Thanks Scott.  So my aftermarket door arrived for my OONI that would let me get to 900 degrees in the winter here with a fast pre-heat and I just started playing in this new Neapolitan realm.  Let's just say my 1st Neapolitan attempt with the new Neapolitan dough recipe at 900 degrees was incinerated in 60 seconds.  Luckily I made enough dough for 4 pies and dialed it back to the 750 range and things went much better with about maybe 3 minute bake times.  Going from 550 common max home oven temps to 700-750 cutting oil and sugar in 1/2 is one thing but that 900 degree range is like playing with a little open nuclear reactor... It's like you have to figure out "exposure time" to those temps and how to handle it.   I haven't figured it out yet but am working on it and posting on the Neapolitan thread.  I got a lot to learn about this Neapolitan thing at those temps.  Best advice I got was to take baby steps, learn from mistakes, and gradually increase my temps over time until I know how to "expose" the pie to that oven and actively manage the bake with my turning peel at those temps.  This new pursuit makes me happy though.  I kind of got bored with NYS as I couldn't improve any more on the kind of NYS pie I like and stopped posting much here for several years but this new adventure has engaged me again... A new challenge. 

I see you're from Boston.  That's where I learned how to make pizza working for Pizzeria Regina many years ago.  At some point some marketing guy told them they should change the name from Pizzeria Regina to Regina Pizzeria which is what everyone sees today but back in the day it was Pizzeria Regina.  I'll also say that me, you and many, many others here probably make far better pizzas than Pizzeria Regina ever made. There's marketing and history and maybe a 100-year old oven involved in the initial establishment but that doesn't make for great pizza, just great marketing.  The pies I've been making for decades in my home oven at 550 (same temp Regina bakes at) are way better than anything I ever made at Regina.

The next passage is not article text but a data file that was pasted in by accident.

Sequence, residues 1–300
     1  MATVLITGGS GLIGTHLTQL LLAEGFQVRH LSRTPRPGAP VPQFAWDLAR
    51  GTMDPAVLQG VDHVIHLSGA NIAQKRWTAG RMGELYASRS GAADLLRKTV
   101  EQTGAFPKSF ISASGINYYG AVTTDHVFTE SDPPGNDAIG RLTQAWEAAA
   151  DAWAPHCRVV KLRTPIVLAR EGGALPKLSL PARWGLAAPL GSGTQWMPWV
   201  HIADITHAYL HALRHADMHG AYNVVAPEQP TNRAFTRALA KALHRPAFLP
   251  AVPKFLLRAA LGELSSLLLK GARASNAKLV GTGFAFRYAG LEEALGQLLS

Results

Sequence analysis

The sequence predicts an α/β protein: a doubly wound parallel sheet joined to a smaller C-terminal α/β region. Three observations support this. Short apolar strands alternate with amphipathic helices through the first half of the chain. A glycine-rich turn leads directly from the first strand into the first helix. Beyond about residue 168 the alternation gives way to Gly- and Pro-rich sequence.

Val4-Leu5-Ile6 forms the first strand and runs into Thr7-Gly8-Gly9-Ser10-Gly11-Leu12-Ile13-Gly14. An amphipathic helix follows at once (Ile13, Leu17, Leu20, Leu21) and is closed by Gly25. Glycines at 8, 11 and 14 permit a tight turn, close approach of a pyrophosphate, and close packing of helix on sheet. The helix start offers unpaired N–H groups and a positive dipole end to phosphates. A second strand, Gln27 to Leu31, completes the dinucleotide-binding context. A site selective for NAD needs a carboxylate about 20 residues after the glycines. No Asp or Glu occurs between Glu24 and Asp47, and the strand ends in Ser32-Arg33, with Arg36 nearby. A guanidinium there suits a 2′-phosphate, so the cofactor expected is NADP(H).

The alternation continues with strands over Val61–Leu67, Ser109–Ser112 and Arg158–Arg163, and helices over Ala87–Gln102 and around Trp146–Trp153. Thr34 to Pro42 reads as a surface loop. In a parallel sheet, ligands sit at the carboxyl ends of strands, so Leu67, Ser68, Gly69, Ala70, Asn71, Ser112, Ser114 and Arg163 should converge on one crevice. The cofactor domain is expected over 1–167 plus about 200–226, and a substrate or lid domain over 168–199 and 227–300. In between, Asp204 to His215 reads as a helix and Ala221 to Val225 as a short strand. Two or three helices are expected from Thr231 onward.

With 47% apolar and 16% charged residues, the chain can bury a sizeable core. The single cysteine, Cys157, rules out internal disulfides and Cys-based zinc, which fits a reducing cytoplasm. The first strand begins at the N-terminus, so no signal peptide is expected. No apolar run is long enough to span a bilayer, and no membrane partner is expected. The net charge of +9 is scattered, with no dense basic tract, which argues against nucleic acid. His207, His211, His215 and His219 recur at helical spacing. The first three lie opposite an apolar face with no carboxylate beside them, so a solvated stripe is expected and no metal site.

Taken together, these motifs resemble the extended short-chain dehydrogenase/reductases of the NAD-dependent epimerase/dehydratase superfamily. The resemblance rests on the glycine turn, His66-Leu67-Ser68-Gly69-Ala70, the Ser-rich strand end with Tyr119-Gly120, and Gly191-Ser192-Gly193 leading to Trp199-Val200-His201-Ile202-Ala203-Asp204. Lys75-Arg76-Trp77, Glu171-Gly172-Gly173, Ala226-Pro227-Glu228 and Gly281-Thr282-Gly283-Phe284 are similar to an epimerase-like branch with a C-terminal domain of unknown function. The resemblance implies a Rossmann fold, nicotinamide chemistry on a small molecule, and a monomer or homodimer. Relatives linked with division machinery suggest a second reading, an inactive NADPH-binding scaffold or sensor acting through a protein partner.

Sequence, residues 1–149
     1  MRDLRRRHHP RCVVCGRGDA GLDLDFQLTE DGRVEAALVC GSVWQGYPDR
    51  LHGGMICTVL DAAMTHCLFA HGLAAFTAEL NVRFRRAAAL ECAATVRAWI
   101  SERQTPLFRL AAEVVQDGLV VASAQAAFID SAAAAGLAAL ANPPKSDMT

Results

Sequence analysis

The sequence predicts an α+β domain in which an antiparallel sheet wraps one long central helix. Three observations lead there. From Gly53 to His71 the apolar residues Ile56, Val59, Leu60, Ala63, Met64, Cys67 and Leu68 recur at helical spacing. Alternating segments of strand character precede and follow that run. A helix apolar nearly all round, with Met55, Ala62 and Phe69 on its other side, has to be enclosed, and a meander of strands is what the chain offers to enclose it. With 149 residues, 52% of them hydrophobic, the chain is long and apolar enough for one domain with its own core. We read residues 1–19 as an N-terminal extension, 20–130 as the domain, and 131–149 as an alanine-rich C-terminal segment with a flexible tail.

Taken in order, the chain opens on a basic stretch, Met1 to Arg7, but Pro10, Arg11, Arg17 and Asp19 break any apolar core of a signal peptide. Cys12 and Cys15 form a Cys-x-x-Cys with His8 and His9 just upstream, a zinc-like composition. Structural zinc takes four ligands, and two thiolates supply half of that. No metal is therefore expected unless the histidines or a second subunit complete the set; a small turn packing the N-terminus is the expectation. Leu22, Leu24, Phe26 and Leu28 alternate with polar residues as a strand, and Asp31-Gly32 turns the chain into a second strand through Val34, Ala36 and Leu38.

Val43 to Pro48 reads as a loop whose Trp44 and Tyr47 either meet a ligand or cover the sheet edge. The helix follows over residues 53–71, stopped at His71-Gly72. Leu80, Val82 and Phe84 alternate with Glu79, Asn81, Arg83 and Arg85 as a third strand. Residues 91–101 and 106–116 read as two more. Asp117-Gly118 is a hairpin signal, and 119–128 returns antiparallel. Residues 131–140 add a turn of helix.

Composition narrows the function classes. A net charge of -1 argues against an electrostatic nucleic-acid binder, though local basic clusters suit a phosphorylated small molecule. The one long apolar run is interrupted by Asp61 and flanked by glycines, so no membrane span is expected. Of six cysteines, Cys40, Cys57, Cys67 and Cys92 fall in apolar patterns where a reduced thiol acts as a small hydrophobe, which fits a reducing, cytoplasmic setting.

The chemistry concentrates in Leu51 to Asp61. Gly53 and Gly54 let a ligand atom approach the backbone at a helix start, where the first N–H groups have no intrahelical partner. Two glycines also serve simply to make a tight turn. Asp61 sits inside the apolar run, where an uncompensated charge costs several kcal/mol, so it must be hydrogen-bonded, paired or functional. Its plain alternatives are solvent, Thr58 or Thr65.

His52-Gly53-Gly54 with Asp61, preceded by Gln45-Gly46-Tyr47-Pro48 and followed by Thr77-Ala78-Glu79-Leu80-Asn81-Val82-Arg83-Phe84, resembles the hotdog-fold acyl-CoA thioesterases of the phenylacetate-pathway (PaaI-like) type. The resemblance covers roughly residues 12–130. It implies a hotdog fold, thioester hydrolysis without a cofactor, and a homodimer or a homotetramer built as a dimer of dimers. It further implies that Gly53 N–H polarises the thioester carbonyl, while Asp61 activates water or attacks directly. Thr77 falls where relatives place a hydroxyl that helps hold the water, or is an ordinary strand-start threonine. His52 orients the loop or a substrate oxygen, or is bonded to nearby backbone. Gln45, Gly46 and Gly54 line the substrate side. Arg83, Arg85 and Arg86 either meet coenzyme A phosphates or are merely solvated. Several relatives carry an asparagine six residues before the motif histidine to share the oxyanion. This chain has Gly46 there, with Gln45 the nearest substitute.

So, everyone should think twice about trying to clone a pretty substandard yet famous pie as they can and produce so much better on their own.  Heck, Norma here who won the coveted Caputo Cup didn't know anything about pizza until she got on this forum and started learning.  Pizzeria Regina never won the Caputo Cup... They never even tried to compete because I bet they knew they couldn't compete.

   
« Last Edit: December 06, 2022, 09:18:18 PM by Pizza Shark »

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Offline OzPizza

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Re: N.Y. Style on ooni koda 12?
« Reply #5 on: December 08, 2022, 02:59:51 AM »
Thanks Scott.  So my aftermarket door arrived for my OONI that would let me get to 900 degrees in the winter here with a fast pre-heat and I just started playing in this new Neapolitan realm.  Let's just say my 1st Neapolitan attempt with the new Neapolitan dough recipe at 900 degrees was incinerated in 60 seconds.  Luckily I made enough dough for 4 pies and dialed it back to the 750 range and things went much better with about maybe 3 minute bake times.  Going from 550 common max home oven temps to 700-750 cutting oil and sugar in 1/2 is one thing but that 900 degree range is like playing with a little open nuclear reactor... It's like you have to figure out "exposure time" to those temps and how to handle it.   I haven't figured it out yet but am working on it and posting on the Neapolitan thread.  I got a lot to learn about this Neapolitan thing at those temps.  Best advice I got was to take baby steps, learn from mistakes, and gradually increase my temps over time until I know how to "expose" the pie to that oven and actively manage the bake with my turning peel at those temps.  This new pursuit makes me happy though.  I kind of got bored with NYS as I couldn't improve any more on the kind of NYS pie I like and stopped posting much here for several years but this new adventure has engaged me again... A new challenge. 

I see you're from Boston.  That's where I learned how to make pizza working for Pizzeria Regina many years ago.  At some point some marketing guy told them they should change the name from Pizzeria Regina to Regina Pizzeria which is what everyone sees today but back in the day it was Pizzeria Regina.  I'll also say that me, you and many, many others here probably make far better pizzas than Pizzeria Regina ever made. There's marketing and history and maybe a 100-year old oven involved in the initial establishment but that doesn't make for great pizza, just great marketing.  The pies I've been making for decades in my home oven at 550 (same temp Regina bakes at) are way better than anything I ever made at Regina. 

So, everyone should think twice about trying to clone a pretty substandard yet famous pie as they can and produce so much better on their own.  Heck, Norma here who won the coveted Caputo Cup didn't know anything about pizza until she got on this forum and started learning.  Pizzeria Regina never won the Caputo Cup... They never even tried to compete because I bet they knew they couldn't compete.